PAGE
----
The choice of a USB-C port is neither a major plus or a minus but its potential is minimized by the fact that they don’t include a power supply charger. They do include a short stereo audio cable and for the first time ever it prompts me to describe an item as vapid. The cable is flimsy, too short and doesn’t attach very securely. When you plug it in it disables all onboard electronics so the headphone drivers are being powered solely by your device’s amplifier, hence the maximum volume level is relatively weak. By disabling the electronics you lose one of the headphone’s major selling points, the bass boost system. You will also have to resort to only using the volume controls on your smartphone or other device.

BEST AND WORST

Most products have at least one feature to love but on the downside one you wish they had put more thought into. With this product the kudos go to printing the Left and Right designations boldly inside each earcup. So many others these days have a tiny molded in designator or even none at all. It’s so nice to be able to pick them up, even in near darkness, and know which ear is which. The negative side of the coin is the loud and somewhat grating voice that comes through the earpieces when you turn the bass boost on and off (it’s also there for a few other functions as well). The voice is so annoying that having it is almost a complete dealbreaker for me. Not counted against them but worth noting is that the instruction sheet defies any form of comprehension. Come on Anker, you’re a big company now, you can afford to have someone create a better user experience with your instruction manuals.

BASS BOOST AND OVERALL SOUND QUALITY

Here’s a reality check, these are pretty ordinary forty buck headphones. Their major marketing highlight is that bass boost button they call BassUp. I’m going to combine talking about that with my overall opinion of the sound quality of these phones because the two things are intertwined. Here are a few things you should know:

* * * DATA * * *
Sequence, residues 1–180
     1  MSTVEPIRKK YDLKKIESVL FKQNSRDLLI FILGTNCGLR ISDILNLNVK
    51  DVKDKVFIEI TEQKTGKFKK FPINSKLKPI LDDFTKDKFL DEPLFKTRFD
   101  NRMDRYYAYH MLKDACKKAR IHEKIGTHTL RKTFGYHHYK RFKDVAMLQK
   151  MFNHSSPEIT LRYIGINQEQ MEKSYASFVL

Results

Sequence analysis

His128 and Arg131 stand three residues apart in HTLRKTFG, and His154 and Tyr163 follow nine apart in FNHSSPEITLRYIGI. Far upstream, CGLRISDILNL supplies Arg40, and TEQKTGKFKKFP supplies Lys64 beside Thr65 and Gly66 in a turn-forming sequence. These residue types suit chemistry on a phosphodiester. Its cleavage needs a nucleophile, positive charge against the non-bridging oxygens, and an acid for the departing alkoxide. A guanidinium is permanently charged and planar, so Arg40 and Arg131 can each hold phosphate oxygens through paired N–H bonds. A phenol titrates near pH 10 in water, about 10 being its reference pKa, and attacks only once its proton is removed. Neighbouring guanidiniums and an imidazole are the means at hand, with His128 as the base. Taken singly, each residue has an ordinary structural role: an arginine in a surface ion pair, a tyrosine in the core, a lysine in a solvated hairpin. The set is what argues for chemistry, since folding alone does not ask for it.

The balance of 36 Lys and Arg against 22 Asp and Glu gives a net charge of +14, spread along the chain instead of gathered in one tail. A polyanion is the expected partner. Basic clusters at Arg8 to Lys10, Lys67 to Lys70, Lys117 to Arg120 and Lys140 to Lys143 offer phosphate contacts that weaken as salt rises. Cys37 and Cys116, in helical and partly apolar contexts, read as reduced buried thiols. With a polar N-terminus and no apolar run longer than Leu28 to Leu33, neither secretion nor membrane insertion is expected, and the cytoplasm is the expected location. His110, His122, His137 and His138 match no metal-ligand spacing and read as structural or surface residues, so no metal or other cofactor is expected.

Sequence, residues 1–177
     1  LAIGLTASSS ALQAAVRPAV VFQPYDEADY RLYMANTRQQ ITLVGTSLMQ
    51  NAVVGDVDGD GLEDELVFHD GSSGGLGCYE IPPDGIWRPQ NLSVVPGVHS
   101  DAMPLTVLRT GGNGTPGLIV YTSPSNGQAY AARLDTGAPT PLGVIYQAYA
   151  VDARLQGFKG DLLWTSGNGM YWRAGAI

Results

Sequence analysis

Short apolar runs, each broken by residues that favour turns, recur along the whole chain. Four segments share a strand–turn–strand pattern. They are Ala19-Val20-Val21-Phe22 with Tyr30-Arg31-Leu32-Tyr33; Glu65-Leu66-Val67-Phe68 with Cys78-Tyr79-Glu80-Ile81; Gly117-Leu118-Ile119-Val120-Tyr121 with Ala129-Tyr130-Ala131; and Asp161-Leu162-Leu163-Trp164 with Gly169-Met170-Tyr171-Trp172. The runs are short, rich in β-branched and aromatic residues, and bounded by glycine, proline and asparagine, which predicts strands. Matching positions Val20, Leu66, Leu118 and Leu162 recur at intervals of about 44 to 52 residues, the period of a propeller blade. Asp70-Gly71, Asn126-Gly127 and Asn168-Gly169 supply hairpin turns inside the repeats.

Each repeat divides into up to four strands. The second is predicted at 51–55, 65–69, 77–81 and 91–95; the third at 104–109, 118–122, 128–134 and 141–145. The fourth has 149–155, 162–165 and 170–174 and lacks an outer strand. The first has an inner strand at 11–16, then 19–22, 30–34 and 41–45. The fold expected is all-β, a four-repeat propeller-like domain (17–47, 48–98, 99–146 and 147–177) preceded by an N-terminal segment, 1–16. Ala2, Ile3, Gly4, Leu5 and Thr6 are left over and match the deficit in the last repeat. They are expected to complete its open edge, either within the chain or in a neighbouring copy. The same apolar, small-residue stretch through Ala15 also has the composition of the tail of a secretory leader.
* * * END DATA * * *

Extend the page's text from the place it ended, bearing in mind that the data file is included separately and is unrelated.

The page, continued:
1. Unlike other attempts to wow the user with extended bass these don’t just attenuate the low frequencies but rather they work in real time at selective frequencies to kick up some of them without making everything sound deeper.

2. Yes it does make a difference, but not one that changes the timbre of everything you hear. You might actually go a few seconds or even minutes before you suddenly hear certain frequencies being boosted.

3. Like so many schemes to tweak our listening experience this one gets tiring over time and once the wow factor sizzle has settled down many people may find the effect overbearing.

4. Because of fairly large diaphragms and I assume larger drivers these headphones deliver better than average bass all by themselves without the artificial boost.

5. Unfortunately that plasticky sound I mentioned seems to be worse with the bass booster turned on.

COMFORT

Whether because of or in spite of being all plastic these are some of the most comfortable headphones I’ve worn in a while. The cups fit well and totally encapsulate both ears but there is no excessive pressure. Outside sounds are effectively blocked out and the sweet spot is positioned right over the ear canal. The headband is soft and adjustable and there’s nothing to pinch or tangle with your hair. They fold and look like they can survive travel, but unfortunately no case or travel bag is included.

BLUETOOTH COMPRESSION AND CUTOUT

Using Bluetooth 5.0 technology these are an improvement over older technologies. They don’t sound as compressed but don’t expect that they will have the expansive sound stage of a good pair of wired cans, it’s simply not possible yet if you have your heart set on Bluetooth. They are listenable but if you are really into your music you will get frustrated by the occasional cutouts. That rules out stage and studio monitoring applications.

YES OR NO

If your headphone budget limits you to under fifty bucks I can’t think of too many better choices as long as you realize that you will get what you pay for. While Anker has outgrown their early days of legendary customer service I can still recommend that, given the choice when buying low end Chinese products it’s still better to go with a known established brand with a U.S. presence. These aren’t great headphones but neither are they priced like them. I would be wary of any gushing recommendations, everybody hears things differently and it’s hard to separate honest reviews from those with special interests. The only way you will know for sure is to try them on your own ears. Keep them if they sound good to you and if not move on to something else.

[NOTE] For some unexplained reason at the time I got these Anker says that they not currently compatible with the iPhone 11 series, but they advise this model is being upgraded at some point.